Wonder Women: Feminisms and Superheroes.

Author:Eastep, Alisha

Wonder Women: Feminisms and Superheroes.

By Lillian S. Robinson. New York: Routledge, 2004. Pp. ix-148, preface, afterward, works cited, index.

In Wonder Women: Feminisms and Superheroes, Lillian S. Robinson focuses on the development of female characters in comic books, a genre of literary text that has been slow to gain recognition as a medium of cultural expression and slower still to be examined through a critical lens (2). Adopting a feminist position, she argues that the stories of female superheroes in the genre "transgress [the] use of mythological sources, borrowing from various traditions and creating new ones in order to tell different stories about gender, stories that come closer to the universe of belief than do masculine (and masculinity) adventure comics" (6). The book sets the creation and evolution of various female superheroes against a background of other factors, varying from political to personal. However, Robinson orients the book's format around a discussion of specific eras in the development of the original female comic superhero: Wonder Woman. Utilizing a critical feminist perspective to interrogate the comic book genre allows the author to tease out the effects of social movements on the development of the comic heroine while simultaneously lending itself to appropriate interjections of the author's own experience as a lifelong reader of comic books. Chapter titles even "Chronicle" comic conventions. Combining these elements creates an illuminating analysis of the impact of female heroes on the genre.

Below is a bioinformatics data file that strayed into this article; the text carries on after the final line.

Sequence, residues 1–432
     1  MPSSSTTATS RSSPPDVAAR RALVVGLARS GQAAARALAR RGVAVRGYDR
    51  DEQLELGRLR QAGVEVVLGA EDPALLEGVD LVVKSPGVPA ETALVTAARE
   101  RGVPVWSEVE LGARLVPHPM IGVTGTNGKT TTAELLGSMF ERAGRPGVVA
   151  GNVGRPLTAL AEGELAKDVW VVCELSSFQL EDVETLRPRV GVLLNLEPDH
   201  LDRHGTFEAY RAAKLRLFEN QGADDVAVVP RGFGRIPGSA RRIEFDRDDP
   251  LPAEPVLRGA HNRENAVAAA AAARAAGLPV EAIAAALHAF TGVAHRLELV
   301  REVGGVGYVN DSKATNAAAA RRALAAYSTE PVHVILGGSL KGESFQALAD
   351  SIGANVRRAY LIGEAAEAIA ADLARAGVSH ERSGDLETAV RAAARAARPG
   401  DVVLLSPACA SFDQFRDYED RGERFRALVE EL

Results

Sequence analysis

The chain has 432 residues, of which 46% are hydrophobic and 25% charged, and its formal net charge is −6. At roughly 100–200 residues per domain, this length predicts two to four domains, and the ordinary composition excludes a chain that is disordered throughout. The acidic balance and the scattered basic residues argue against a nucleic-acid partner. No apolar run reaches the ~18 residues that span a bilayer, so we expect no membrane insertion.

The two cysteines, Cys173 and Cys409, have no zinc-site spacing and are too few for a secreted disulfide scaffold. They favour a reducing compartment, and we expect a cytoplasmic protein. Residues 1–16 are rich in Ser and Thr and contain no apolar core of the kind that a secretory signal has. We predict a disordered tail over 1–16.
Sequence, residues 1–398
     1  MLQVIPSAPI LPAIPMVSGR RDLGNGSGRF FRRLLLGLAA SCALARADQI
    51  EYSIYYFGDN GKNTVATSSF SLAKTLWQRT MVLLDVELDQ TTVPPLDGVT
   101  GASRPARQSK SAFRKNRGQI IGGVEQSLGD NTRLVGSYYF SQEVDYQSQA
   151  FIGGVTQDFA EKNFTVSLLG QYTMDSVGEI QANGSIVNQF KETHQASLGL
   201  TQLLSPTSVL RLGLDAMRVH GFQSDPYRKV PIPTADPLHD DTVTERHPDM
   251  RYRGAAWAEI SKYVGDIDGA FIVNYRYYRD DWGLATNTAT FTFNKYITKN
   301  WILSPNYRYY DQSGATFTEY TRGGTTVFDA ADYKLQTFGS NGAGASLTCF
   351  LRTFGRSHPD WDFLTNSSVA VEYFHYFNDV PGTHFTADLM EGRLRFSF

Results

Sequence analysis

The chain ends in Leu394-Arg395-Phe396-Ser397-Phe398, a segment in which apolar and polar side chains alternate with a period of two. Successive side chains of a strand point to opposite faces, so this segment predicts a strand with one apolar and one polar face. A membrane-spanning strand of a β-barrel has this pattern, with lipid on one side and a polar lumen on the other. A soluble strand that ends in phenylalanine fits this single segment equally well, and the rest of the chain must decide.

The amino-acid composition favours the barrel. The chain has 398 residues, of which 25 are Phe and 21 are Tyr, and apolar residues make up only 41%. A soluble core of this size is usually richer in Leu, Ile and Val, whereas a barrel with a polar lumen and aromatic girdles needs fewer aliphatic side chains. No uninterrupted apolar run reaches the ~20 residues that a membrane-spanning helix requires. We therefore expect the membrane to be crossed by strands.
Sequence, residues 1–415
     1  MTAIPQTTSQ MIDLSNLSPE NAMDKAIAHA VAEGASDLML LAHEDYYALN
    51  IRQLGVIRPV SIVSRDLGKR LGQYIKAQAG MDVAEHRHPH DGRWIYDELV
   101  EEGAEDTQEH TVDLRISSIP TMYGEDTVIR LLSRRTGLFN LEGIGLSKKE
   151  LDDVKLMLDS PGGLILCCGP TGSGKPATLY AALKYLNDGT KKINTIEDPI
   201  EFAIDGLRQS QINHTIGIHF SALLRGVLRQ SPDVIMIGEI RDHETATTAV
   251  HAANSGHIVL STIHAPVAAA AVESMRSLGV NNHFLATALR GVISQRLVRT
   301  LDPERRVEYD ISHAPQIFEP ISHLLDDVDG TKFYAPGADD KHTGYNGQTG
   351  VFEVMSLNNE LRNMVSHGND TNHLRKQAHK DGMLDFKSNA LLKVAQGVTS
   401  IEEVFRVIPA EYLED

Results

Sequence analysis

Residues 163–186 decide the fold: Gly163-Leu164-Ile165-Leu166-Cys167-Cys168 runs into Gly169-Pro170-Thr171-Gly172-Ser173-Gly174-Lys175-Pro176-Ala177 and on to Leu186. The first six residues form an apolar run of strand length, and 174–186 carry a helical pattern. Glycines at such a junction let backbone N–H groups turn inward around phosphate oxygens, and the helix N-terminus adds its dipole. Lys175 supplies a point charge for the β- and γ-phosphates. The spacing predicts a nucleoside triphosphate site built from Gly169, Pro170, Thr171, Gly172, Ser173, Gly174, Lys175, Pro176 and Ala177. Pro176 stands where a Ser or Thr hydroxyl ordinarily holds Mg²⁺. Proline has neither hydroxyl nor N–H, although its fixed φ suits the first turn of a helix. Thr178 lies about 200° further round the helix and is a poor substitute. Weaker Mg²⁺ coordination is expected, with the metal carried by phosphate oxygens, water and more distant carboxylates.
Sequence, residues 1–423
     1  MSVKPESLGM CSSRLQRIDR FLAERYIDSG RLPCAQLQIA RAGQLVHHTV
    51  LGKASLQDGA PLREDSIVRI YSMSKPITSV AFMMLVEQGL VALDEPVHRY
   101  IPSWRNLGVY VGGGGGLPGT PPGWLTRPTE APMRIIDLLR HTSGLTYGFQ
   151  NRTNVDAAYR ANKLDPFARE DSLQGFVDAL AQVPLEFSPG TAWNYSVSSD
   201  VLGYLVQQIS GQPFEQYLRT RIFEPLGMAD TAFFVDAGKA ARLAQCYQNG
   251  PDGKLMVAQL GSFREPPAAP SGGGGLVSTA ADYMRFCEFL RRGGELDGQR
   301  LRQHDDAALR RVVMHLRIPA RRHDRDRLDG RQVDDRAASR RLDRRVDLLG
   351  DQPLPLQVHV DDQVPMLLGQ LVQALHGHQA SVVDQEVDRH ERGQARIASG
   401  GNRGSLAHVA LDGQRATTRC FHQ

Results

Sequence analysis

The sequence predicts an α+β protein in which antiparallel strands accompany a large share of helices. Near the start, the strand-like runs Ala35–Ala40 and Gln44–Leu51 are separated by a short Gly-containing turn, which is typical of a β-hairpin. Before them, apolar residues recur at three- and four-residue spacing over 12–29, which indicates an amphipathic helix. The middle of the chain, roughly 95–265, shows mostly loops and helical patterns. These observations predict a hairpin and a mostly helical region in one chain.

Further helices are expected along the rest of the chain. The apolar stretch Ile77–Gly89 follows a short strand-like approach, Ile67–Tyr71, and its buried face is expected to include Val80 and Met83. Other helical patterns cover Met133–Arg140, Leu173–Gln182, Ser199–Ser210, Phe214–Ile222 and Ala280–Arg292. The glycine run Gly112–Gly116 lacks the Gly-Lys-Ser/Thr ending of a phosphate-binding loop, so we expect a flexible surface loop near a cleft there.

Describing her lifelong love affair with comics, Robinson reveals that she began reading comics shortly after the introduction of the Wonder Woman character. Her combined personal and professional interest in comics lends itself to the use of a variety of sources in the construction of the book, ranging from Judith Butler to pop culture artifacts. Much of her evidence also comes directly from the comics themselves, giving readers a plethora of primary sources to add to the discussion. Accordingly, the book is presented in a format that makes it accessible to a variety of readerships: Robinson's critiques are sound and relevant, appealing to a scholarly audience; however, her easy writing style and anecdotal evidence make this book an enjoyable read for a non-scholarly audience as well.

Just as important as critical analysis and empirical evidence to Robinson's book, is the author's ability to situate herself as a...

To continue reading